Thursday, December 5, 2013

Hero. And Hypocrites.

Nelson Mandela is no more.

Learnt about Madiba's demise when I just got in to my hotel room in Chicago after a long day at a conference and turned on CNN. Reactions of the who's who of the world were being telecast.

Among other things, President Obama said, " ... The day that he was released from prison gave me a sense of what human beings can do when they’re guided by their hopes and not by their fears.  And like so many around the globe, I cannot fully imagine my own life without the example that Nelson Mandela set, and so long as I live I will do what I can to learn from him." And later on, President Obama goes on to say, " ... So it falls to us as best we can to forward the example that he set:  to make decisions guided not by hate, but by love; to never discount the difference that one person can make; to strive for a future that is worthy of his sacrifice."

Now it may just have been the incredibly cynical bone in my brain, or it could be that I was dead tired and hungry, but, I remember having called President Obama a hypocrite and a sanctimonious ba*****. And I found myself thinking similarly of other world leaders' - Tony Blair's, David Cameroon's, Bill Clinton's comments too. I mean, really? You want to call the great man your hero, but you don't want to act on the many lessons that his life has to teach.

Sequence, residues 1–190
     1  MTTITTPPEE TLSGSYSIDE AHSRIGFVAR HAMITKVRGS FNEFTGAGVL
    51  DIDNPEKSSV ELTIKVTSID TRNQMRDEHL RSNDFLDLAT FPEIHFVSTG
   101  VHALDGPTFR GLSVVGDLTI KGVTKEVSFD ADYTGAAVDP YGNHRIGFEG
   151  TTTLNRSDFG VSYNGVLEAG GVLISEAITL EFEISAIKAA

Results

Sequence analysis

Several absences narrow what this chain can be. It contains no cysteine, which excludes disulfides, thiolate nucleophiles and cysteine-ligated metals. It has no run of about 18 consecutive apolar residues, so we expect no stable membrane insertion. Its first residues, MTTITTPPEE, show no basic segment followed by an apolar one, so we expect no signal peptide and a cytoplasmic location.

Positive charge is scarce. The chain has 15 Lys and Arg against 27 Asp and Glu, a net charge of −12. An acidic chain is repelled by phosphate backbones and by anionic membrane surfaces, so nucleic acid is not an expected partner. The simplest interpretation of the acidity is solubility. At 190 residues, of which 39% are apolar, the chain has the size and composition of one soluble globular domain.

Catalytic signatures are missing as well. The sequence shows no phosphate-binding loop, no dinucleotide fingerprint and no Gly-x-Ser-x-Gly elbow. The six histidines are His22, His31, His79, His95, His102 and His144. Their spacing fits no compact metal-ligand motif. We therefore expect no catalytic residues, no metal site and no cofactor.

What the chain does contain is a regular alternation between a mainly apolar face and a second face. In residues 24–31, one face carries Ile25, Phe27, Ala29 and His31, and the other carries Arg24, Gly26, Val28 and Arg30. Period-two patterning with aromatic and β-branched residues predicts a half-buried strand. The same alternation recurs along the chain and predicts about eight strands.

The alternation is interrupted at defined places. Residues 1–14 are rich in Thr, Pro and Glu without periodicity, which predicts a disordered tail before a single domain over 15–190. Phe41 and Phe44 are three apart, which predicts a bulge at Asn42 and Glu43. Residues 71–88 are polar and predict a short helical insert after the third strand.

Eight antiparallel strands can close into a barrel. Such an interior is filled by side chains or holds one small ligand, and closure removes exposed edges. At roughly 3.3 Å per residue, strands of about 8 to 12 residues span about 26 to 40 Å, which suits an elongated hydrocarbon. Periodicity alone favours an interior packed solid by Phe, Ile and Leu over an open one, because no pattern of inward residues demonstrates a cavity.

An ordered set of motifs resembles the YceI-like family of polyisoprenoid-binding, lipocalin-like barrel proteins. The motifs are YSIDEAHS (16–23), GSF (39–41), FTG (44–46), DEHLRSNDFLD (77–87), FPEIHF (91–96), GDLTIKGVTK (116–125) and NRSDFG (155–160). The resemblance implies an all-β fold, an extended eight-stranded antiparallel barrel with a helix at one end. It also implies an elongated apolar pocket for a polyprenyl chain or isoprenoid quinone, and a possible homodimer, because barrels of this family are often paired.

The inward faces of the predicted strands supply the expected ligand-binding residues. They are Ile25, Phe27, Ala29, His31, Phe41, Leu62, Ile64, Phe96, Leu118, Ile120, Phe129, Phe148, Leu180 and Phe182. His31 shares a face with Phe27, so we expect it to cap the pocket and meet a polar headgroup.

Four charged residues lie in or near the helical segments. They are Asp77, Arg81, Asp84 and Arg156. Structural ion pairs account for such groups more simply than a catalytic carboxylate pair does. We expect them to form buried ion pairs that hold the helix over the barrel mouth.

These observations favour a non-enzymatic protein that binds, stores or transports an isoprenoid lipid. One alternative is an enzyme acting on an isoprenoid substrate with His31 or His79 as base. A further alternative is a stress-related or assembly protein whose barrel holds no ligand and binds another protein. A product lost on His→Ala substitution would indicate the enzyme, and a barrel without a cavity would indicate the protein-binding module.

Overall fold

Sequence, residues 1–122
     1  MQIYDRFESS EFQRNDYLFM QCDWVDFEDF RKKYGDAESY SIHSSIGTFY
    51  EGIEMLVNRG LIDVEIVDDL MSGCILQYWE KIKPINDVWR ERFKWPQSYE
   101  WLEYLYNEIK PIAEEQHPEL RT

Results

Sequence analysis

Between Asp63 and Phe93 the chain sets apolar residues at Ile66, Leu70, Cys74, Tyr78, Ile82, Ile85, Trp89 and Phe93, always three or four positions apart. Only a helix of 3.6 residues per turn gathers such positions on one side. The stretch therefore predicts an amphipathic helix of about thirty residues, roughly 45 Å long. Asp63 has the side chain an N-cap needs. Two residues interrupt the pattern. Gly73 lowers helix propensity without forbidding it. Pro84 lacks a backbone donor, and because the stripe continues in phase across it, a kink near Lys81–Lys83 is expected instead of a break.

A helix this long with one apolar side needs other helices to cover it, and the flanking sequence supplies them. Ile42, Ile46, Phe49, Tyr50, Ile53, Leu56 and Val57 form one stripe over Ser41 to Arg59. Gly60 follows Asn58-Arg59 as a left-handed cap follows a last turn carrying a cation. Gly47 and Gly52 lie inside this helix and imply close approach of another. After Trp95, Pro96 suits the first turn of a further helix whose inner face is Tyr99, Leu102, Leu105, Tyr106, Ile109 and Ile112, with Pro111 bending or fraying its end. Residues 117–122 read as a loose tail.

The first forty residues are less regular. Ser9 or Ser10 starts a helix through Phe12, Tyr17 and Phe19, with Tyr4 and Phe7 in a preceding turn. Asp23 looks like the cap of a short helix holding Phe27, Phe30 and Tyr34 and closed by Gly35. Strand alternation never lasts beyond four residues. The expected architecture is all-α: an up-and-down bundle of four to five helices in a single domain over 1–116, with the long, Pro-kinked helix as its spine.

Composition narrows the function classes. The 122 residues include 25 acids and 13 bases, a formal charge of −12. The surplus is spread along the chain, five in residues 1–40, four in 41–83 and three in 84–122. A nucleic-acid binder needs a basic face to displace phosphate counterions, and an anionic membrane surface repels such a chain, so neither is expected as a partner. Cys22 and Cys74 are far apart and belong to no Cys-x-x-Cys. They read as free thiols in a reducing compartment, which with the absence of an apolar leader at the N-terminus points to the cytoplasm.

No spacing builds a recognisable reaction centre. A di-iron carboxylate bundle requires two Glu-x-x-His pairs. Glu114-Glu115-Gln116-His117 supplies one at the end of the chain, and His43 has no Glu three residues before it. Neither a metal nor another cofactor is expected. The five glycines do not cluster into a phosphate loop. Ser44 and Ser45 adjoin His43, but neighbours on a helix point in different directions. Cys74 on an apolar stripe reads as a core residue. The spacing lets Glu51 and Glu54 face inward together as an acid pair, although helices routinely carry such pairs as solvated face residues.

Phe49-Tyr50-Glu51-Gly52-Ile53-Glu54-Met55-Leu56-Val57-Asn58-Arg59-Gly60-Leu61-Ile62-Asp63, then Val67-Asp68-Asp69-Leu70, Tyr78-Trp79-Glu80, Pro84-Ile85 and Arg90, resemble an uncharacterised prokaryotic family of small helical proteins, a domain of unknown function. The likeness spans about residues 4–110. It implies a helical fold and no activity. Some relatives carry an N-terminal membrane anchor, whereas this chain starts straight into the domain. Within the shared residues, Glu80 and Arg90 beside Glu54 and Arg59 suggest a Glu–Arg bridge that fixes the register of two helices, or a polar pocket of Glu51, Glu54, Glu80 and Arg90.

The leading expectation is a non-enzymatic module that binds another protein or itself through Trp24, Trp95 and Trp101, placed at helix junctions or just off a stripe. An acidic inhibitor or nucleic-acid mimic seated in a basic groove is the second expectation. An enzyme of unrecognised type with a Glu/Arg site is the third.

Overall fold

Madiba's body is probably still on the same hospital bed where he breathed his last. Had he been in a grave, he would be turning like crazy thinking of the gall that these people have. Of calling someone their idol, their hero, their inspiration, and then making decisions, especially in their politics, that are diametrically opposite to what they purportedly believe in. We really are hypocrites of the top order, aren't we?

I am almost a hundred percent certain that there are people in Obama Administration, in the White House, who are pissed that Nelson Mandela chose today of all days to die. Afterall Chris Matthews' interview of President Obama was to be broadcast today on MSNBC, and their audience got distracted a couple of hours before the President was to begin his defense of Obamacare on TV.

Fareed Zakaria said it best, in response to a question from Wolf Blitzer, that it'd be naive of us to expect the current crop of world leaders to learn any lessons from Nelson Mandela's life.

Mahatma Gandhi died, and we still killed each other. Martin Luther King Jr. died, and we still killed. Nelson Mandela has died, and we will continue to kill. So lets drop the act.

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